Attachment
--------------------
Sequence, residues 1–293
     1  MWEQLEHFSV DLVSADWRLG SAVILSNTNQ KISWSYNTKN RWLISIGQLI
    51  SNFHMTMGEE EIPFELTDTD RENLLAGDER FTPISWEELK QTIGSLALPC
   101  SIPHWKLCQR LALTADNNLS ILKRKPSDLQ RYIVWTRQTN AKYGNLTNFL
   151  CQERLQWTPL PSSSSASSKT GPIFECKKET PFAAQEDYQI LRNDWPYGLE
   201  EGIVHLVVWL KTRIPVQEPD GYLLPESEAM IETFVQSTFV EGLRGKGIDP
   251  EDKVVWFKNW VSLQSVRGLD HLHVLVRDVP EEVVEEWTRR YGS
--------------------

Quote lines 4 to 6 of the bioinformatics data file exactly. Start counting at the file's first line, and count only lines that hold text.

   101  SIPHWKLCQR LALTADNNLS ILKRKPSDLQ RYIVWTRQTN AKYGNLTNFL
   151  CQERLQWTPL PSSSSASSKT GPIFECKKET PFAAQEDYQI LRNDWPYGLE
   201  EGIVHLVVWL KTRIPVQEPD GYLLPESEAM IETFVQSTFV EGLRGKGIDP